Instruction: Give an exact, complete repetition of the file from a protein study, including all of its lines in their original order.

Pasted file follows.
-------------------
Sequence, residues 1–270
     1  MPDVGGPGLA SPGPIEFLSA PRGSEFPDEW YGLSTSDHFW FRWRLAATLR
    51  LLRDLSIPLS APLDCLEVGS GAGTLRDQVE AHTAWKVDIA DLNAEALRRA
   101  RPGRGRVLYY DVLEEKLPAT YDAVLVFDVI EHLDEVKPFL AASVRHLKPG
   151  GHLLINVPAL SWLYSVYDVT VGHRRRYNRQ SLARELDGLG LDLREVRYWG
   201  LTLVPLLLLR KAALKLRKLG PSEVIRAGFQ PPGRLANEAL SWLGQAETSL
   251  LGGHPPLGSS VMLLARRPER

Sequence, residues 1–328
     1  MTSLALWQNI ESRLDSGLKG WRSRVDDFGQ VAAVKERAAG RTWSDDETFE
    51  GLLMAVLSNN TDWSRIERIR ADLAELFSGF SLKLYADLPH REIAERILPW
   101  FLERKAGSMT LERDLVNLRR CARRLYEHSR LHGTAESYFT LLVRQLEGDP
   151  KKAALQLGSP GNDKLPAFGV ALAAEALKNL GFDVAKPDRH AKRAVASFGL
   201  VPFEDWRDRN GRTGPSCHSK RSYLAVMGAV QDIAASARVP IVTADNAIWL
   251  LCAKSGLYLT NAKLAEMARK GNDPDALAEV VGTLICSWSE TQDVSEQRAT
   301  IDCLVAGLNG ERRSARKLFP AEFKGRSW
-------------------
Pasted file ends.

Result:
Sequence, residues 1–270
     1  MPDVGGPGLA SPGPIEFLSA PRGSEFPDEW YGLSTSDHFW FRWRLAATLR
    51  LLRDLSIPLS APLDCLEVGS GAGTLRDQVE AHTAWKVDIA DLNAEALRRA
   101  RPGRGRVLYY DVLEEKLPAT YDAVLVFDVI EHLDEVKPFL AASVRHLKPG
   151  GHLLINVPAL SWLYSVYDVT VGHRRRYNRQ SLARELDGLG LDLREVRYWG
   201  LTLVPLLLLR KAALKLRKLG PSEVIRAGFQ PPGRLANEAL SWLGQAETSL
   251  LGGHPPLGSS VMLLARRPER

Sequence, residues 1–328
     1  MTSLALWQNI ESRLDSGLKG WRSRVDDFGQ VAAVKERAAG RTWSDDETFE
    51  GLLMAVLSNN TDWSRIERIR ADLAELFSGF SLKLYADLPH REIAERILPW
   101  FLERKAGSMT LERDLVNLRR CARRLYEHSR LHGTAESYFT LLVRQLEGDP
   151  KKAALQLGSP GNDKLPAFGV ALAAEALKNL GFDVAKPDRH AKRAVASFGL
   201  VPFEDWRDRN GRTGPSCHSK RSYLAVMGAV QDIAASARVP IVTADNAIWL
   251  LCAKSGLYLT NAKLAEMARK GNDPDALAEV VGTLICSWSE TQDVSEQRAT
   301  IDCLVAGLNG ERRSARKLFP AEFKGRSW